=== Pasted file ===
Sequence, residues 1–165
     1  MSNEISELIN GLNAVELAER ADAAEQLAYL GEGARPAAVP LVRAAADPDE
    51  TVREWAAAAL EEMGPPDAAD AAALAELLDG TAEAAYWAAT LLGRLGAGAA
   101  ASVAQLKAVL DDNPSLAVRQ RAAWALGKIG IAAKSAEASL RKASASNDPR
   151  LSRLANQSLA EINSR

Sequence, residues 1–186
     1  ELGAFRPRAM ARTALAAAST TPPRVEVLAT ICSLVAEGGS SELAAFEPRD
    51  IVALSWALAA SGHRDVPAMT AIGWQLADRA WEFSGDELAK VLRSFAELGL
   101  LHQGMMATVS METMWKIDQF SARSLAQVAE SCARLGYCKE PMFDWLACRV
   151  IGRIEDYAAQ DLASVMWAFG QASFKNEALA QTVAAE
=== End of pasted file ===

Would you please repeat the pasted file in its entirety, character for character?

Sequence, residues 1–165
     1  MSNEISELIN GLNAVELAER ADAAEQLAYL GEGARPAAVP LVRAAADPDE
    51  TVREWAAAAL EEMGPPDAAD AAALAELLDG TAEAAYWAAT LLGRLGAGAA
   101  ASVAQLKAVL DDNPSLAVRQ RAAWALGKIG IAAKSAEASL RKASASNDPR
   151  LSRLANQSLA EINSR

Sequence, residues 1–186
     1  ELGAFRPRAM ARTALAAAST TPPRVEVLAT ICSLVAEGGS SELAAFEPRD
    51  IVALSWALAA SGHRDVPAMT AIGWQLADRA WEFSGDELAK VLRSFAELGL
   101  LHQGMMATVS METMWKIDQF SARSLAQVAE SCARLGYCKE PMFDWLACRV
   151  IGRIEDYAAQ DLASVMWAFG QASFKNEALA QTVAAE